In Das Kapital, Marx describes alienation as a worker's separation from the product the worker produces. In other words, the worker sells his wage labor to the capitalist (ceo, owner of the company) in order to make a wage in order to live (make a living). The worker makes a product but that product belongs to the capitalist (and eventually the consumer). The worker is alienated from the product and, in a sense, the world of making the product (the work environment and social/economic world themselves).
But in general, alienation means to feel foreign in the world or society you are living in. Given the above description, sometimes this means to feel alienated because you are a low level worker in a society where capitalists oppress workers. There is no question that the narrator feels alienated when he goes to the bazaar. He basically felt at home in his previous world, dreaming of Mangan's sister, enjoying literature, etc. But when he gets to the bazaar, he realizes it is not some exotic place ("Araby" - Arabia, conjuring visions of the Middle East). He also realizes that it is run by English sellers only out to make a profit. This shakes him out of his quest for Mangan's sister, which is economic, romantic, and religious (he viewed this as a romantic and religious quest). He now feels alienated from all of these hallowed institutions because of the commercial aspects of the bazaar. "Gazing up into the darkness I saw myself as a creature driven and derided by vanity; and my eyes burned with anguish and anger." He realizes these exotic products he was after are being sold by English business people. Supposing these products actually came from a far away land, this is Marx's definition of alienation: the product is made by workers and then owned and sold by the owning/capitalist class; so those hypothetical workers are also alienated from their products—perhaps by English colonialists. On some level, the narrator is also angered by the commercialization of the bazaar and how this superficiality mocks his romantic quest. In short, he feels out of place at the bazaar but he also now feels out of place with his previous mindset regarding love, religion, etc.
This story was published in 1914, a time when Ireland was engaged in debate and wars over establishing Irish Home Rule or remaining under British rule. This is significant for the end of the story because the merchants at the bazaar are English. Whether or not this was Joyce's intent, this being a Marxist interpretation, the narrator's recognition of the English accents is significant. Given that the English were viewed (by some) as a force of oppression in Ireland, we have a dialectic of class struggle between the English and the Irish. Dialectics is the study of how two opposites interact, change, and evolve. So, we might consider how the narrator's thinking changes when he (an Irishman) comes to grips with an English hierarchy.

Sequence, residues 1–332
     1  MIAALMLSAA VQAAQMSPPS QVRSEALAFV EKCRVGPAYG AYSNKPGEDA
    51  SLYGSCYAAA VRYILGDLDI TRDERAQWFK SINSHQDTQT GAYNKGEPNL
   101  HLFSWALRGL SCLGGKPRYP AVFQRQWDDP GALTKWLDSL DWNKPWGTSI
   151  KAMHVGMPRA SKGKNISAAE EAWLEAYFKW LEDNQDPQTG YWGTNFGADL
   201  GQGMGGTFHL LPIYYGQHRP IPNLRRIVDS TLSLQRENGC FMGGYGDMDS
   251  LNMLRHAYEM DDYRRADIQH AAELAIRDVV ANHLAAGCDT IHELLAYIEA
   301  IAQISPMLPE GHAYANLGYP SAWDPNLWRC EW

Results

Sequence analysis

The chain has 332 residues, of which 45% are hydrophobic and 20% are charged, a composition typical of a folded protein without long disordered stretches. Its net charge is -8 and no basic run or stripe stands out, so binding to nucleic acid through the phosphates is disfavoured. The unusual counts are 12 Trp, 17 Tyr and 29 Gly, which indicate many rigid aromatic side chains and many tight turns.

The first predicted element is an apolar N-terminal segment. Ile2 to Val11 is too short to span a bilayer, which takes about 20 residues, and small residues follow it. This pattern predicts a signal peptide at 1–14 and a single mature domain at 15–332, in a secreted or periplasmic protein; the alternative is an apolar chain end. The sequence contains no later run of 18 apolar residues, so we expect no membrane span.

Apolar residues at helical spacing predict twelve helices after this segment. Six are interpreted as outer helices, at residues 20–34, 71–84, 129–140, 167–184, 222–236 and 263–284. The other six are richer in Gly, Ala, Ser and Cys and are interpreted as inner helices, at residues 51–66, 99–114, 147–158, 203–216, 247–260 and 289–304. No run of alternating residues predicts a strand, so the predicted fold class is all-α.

But, to take the idea of dialectics more broadly, Marx and Engels described the revolution of the Proletariat in terms of dialectics. The bourgeoisie and/or capitalist elite oppress the Proletariat and this imbalance of opposites would eventually lead to the Proletariat rising against the bourgeoisie. Thus, the interaction of these two opposites leads to a change. In "The End of Classical German Philosophy," Engels writes:
For dialectical philosophy nothing is final, absolute, sacred. It reveals the transitory character of everything and in everything; nothing can endure before it except the uninterrupted process of becoming and of passing away, of endless ascendancy from the lower to the higher.
In "Araby," the narrator is coming to the bazaar with notions of his romantic, religious quest. For Marx, the ideas and thoughts of culture are formed by the material exchanges of culture: social, economic—the stuff we do every day forms our ideas about ourselves and our culture. We see this in "Araby" on the individual level, that of the narrator. His thoughts are changed (change is the hallmark of dialectics) when he engages in social and economic exchange. He becomes cynical about his religious/romantic quest; he has cynicism for the whole notion of buying and selling at the bazaar. Although "Araby" is not frequently cited as a "Marxist story," the narrator is clearly alienated and changed by his experience in the marketplace. He is awakened, rudely, from his previous "false consciousness"—this previous consciousness when he did not feel alienated, or at odds with some dialectical oppositional force.
("False consciousness" is another Marxist term which means that one group dominates an oppressed group's consciousness—brainwashes them—basically so they stay in their place. The oppressed group or person is awakened when he/she realizes how the brainwashing is occurring.)